How to Define a Market Segmentation Map
By Geoff Anderson
The Company maintained an aging instrumentation product family with most revenues generated from mature, slow growth markets. There were two primary markets that were well exploited, and many sub markets that were one hit wonders. Management was anxious to define worthwhile new product development projects, but the way we were looking at, and tracking, sales was so fragmented that we could not see a broad market opportunity. We needed to create a market segment model that helped us identify coherent sets of needs to fuel growth and competitive advantage.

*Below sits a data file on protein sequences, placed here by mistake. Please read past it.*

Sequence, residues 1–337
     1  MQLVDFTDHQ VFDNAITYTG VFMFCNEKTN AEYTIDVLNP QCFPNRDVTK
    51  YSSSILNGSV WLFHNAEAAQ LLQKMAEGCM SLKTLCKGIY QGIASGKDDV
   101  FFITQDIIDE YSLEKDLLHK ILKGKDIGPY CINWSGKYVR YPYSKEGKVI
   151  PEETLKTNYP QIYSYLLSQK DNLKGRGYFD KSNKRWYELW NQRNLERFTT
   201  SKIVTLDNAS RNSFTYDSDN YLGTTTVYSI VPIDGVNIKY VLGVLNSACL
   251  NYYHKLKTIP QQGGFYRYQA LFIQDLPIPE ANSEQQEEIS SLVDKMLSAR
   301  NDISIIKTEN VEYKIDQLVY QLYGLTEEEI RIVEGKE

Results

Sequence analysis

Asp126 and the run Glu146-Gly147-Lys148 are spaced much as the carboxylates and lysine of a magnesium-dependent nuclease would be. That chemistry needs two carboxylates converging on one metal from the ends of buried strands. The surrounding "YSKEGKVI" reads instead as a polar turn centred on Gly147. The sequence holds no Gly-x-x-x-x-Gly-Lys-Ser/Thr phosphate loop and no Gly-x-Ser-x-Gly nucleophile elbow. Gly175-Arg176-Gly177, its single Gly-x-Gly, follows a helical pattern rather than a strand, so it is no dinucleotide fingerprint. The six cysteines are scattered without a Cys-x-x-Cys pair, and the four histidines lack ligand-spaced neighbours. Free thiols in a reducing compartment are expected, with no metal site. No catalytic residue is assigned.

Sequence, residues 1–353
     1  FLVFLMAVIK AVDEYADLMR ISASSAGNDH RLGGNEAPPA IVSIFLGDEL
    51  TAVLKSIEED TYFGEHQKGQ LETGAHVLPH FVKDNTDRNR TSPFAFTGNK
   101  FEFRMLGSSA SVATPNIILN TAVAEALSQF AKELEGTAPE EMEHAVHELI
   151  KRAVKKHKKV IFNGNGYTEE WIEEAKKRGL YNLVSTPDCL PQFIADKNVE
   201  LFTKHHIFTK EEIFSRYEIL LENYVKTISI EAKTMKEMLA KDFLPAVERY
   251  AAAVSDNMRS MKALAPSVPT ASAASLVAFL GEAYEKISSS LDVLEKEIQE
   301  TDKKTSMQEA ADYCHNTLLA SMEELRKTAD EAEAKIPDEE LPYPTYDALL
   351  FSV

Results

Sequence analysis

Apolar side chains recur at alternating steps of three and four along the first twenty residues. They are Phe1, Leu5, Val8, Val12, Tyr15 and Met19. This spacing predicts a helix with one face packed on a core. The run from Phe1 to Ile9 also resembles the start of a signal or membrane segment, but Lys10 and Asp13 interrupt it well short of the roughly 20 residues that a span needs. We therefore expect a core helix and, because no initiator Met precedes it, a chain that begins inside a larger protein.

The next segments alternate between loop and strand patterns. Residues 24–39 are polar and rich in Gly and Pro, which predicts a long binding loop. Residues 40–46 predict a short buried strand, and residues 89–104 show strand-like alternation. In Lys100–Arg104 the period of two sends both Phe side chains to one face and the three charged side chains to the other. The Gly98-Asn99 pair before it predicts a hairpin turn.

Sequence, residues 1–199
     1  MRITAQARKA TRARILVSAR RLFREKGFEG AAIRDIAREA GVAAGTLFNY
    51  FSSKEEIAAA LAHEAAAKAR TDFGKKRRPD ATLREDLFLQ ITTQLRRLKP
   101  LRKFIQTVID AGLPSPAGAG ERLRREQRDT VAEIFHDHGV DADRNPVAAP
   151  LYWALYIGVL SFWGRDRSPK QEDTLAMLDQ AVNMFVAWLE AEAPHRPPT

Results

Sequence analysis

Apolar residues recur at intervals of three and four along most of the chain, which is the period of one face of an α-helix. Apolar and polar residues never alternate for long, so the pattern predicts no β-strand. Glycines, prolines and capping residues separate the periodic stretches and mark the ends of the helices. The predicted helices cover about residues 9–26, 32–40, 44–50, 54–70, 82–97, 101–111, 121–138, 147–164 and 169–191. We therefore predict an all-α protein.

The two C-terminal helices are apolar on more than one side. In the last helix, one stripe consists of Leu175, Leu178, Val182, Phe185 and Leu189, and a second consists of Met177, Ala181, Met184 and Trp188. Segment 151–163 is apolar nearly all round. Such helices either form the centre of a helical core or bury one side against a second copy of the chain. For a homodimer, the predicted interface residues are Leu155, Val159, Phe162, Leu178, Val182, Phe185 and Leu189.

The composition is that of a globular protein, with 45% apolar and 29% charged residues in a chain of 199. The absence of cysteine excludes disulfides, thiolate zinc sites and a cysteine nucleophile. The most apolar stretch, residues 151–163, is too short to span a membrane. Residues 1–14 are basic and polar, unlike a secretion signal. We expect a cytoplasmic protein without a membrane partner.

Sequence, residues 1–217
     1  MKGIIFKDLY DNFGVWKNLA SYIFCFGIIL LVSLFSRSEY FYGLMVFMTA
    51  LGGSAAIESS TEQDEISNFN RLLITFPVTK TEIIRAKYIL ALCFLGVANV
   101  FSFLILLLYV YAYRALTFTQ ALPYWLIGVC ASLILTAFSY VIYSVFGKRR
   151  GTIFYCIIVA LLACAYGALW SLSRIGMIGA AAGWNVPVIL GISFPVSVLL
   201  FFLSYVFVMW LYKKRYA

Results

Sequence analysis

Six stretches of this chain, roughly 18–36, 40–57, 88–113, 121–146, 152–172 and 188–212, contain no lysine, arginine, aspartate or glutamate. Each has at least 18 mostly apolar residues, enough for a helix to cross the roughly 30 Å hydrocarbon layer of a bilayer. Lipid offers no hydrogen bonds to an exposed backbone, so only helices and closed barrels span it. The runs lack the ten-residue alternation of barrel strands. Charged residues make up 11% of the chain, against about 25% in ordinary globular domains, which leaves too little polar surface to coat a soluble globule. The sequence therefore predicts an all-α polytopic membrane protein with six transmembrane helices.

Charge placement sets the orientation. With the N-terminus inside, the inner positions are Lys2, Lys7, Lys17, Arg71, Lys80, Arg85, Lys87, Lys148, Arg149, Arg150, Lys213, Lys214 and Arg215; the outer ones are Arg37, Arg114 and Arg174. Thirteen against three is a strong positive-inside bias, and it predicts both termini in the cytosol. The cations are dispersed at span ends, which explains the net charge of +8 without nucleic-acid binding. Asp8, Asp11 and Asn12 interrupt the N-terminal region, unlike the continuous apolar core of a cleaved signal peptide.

Many scientific instruments are sold as one or a few unit transactions across a broad market of customers, each with very specific measurement needs. The Order Entry Checklist that sales filled out was both complex and granular in some respects, and so broad as to be useless in others. Our sales people usually just resorted to checking the lowest common broad category available, like “materials science.” Also, the business was comprised of two distinct product families as the result of a merger. One product line was sold into scientific research, while the other was sold into the quality departments of production operations – these two business units did not see the synergy or cross-selling opportunities in their technologies.